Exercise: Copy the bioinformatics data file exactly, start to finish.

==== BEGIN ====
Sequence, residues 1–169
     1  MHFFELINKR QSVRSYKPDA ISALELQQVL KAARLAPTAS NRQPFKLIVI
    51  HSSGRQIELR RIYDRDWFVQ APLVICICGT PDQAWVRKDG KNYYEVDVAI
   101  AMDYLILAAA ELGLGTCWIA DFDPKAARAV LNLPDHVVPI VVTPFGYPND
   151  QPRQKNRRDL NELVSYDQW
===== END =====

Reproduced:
Sequence, residues 1–169
     1  MHFFELINKR QSVRSYKPDA ISALELQQVL KAARLAPTAS NRQPFKLIVI
    51  HSSGRQIELR RIYDRDWFVQ APLVICICGT PDQAWVRKDG KNYYEVDVAI
   101  AMDYLILAAA ELGLGTCWIA DFDPKAARAV LNLPDHVVPI VVTPFGYPND
   151  QPRQKNRRDL NELVSYDQW